National debates for French projects begin next month

Project companies created for EDF's three offshore wind farms

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The timetable for government-sanctioned public debates about the four offshore wind power projects awarded by the French government last April has been released. All of the debates will begin next month and end in July.

Such debates are a requirement for all major infrastructure projects costing more than €300m and deemed to be of 'national interest' by the National Commission for Public Debate (CNDP). They are designed to ensure the public is kept fully informed of project plans and that it can voice its opinions. The CNDP manages the debates itself, rather than responsibility resting with project developers, as is the case in the UK.

Each of the four 450-500MW projects will be subject to a series of public meetings to be held within a certain radius of the project site. Issues on the agenda include on- and offshore environmental and landscape issues as well as impacts on fishing, tourism, navigation and jobs. The public will be able to ask questions of independent experts and those invited by the developer. Videos and transcripts of the meetings will be available online.

All three of the projects led by EDF will see their public debates begin on 20 March and end on 20 July, while the debate for Iberdrola and Eole-RES' Saint Brieuc wind farm will begin on 25 March and end on 24 July.

While the results of the public debates are not binding, they may prompt developers to amend their projects. This was the case with the only public debate held to date for a French offshore wind power project. In 2009, a public debate took place about a proposed 700MW project earmarked for waters off Le Tréport and developed by La Compagnie du Vent, a subsidiary of GDF Suez.

The debate led to changes in project plans, but the wind farm was never built and the site was subsequently put up for tender during the country's first offshore wind tender. In the end, the French energy ministry rejected the only bid for the site, submitted by GDF Suez, on cost grounds. Last month, it confirmed that Le Tréport will be offered again in the second round .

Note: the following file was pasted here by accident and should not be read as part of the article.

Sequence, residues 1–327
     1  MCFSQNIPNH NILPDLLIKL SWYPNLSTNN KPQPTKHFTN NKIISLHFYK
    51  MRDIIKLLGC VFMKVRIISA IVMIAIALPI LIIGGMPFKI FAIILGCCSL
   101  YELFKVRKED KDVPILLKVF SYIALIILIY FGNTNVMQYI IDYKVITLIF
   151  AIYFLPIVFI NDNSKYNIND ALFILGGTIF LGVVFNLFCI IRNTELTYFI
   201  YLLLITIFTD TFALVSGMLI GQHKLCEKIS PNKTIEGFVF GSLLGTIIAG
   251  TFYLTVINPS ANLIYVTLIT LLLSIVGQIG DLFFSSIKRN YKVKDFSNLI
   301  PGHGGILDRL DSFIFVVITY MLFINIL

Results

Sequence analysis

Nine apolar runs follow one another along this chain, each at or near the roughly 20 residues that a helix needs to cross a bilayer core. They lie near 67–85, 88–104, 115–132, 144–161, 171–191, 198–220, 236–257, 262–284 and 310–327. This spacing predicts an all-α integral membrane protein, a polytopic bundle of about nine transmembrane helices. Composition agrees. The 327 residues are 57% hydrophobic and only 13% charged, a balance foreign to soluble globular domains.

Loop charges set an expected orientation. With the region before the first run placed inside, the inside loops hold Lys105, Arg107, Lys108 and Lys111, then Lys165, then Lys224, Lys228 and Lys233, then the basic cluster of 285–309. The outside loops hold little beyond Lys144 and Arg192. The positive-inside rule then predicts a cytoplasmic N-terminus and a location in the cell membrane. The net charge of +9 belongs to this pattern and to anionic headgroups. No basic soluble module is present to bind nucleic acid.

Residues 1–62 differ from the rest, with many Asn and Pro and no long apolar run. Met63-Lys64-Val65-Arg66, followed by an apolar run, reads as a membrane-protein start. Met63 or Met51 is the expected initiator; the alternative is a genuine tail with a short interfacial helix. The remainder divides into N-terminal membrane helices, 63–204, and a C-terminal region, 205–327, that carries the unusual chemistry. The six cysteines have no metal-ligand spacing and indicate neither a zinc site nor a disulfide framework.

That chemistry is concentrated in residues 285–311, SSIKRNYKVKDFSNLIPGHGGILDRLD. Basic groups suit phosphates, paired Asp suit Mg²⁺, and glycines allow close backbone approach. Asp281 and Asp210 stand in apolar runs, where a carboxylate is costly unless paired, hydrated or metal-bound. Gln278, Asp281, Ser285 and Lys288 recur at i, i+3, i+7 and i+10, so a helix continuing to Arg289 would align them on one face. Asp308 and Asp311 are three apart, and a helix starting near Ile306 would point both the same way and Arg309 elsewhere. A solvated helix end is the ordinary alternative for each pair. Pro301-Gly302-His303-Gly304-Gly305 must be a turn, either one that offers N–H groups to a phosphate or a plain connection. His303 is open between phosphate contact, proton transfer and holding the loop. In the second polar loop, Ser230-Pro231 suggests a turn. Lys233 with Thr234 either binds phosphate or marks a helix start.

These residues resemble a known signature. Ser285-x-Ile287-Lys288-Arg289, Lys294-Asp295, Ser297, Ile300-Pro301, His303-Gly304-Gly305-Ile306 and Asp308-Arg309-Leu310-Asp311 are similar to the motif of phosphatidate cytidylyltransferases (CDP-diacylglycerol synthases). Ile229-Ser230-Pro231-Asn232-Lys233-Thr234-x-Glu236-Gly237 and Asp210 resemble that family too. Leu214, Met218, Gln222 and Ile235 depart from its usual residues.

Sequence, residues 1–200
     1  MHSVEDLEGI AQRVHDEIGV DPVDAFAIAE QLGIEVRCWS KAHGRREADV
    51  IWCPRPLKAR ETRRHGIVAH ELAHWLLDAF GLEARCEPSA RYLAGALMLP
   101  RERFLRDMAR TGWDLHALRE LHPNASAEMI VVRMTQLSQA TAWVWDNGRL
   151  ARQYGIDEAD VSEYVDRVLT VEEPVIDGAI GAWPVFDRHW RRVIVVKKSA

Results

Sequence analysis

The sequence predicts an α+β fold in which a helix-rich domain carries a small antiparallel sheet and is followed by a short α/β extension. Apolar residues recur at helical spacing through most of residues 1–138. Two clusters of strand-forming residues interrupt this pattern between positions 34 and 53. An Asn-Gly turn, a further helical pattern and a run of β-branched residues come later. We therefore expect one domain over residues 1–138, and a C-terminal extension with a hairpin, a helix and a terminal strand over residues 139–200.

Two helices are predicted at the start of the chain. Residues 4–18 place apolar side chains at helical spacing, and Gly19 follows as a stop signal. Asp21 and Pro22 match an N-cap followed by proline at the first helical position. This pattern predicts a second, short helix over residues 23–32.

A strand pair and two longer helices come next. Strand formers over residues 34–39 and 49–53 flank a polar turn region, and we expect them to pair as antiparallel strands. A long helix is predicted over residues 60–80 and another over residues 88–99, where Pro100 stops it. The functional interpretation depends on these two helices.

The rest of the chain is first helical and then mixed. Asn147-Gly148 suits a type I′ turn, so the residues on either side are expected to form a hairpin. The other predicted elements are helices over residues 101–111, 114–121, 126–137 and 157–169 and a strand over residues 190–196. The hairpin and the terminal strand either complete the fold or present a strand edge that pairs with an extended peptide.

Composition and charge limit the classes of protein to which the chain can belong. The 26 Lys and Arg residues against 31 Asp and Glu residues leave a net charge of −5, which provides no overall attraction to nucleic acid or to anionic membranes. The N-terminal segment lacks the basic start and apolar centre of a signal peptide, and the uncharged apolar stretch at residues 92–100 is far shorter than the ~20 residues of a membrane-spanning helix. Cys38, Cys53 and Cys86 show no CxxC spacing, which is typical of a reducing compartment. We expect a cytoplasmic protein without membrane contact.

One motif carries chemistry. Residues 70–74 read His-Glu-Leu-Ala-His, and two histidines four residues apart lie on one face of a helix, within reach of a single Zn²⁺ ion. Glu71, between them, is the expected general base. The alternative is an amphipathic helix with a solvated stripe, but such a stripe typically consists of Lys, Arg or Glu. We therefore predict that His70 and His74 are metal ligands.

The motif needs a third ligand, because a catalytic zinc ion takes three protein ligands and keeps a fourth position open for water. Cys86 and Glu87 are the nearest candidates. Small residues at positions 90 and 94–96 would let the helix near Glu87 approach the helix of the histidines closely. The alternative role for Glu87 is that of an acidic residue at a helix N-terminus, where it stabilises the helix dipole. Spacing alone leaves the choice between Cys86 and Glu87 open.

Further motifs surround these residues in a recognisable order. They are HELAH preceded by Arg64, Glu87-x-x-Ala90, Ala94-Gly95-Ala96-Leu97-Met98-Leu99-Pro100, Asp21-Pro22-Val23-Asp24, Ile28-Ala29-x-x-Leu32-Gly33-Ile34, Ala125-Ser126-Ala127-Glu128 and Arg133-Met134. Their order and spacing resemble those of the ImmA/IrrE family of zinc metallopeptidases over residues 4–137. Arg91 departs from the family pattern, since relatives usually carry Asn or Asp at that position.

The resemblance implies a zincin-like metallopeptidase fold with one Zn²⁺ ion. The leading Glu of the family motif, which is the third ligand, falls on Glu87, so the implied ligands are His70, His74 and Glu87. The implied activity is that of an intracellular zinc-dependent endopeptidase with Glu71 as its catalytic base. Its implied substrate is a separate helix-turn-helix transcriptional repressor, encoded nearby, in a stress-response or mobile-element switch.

In preparation for its 2009 debate, La Compagnie du Vent took the four commissioners tasked with leading the process, local fishermen and journalists on fact-finding trips to offshore wind projects in Denmark. The company estimated that it invested several hundred thousand euros in the preparation, logistics and organisation of the debate. It is not clear yet whether any of the consortia developing the four projects now under scrutiny will undertake similar fact-finding trips.

Documentation concerning the debates reveals that Eolien Maritime France, a consortium led by EDF Energies Nouvelles, has set up three companies, each responsible for a single project. Eoliennes Offshore des Hautes Falaises will oversee the project off Fécamp. Three companies hold equity in the 498MW Fécamp project: EDF, Dong Energy and WPD Offshore (30%). Meanwhile, Eoliennes Offshore du Calvados is the company created to develop a 450MW wind farm off Courseulles-sur-Mer. Once again, the same three companies hold stakes, with WPD Offshore's equity lower, at 15%.

A third company, Parc du Banc de Guérande, is responsible for the 498MW project off Saint Nazaire, with just EDF and Dong sharing ownership.

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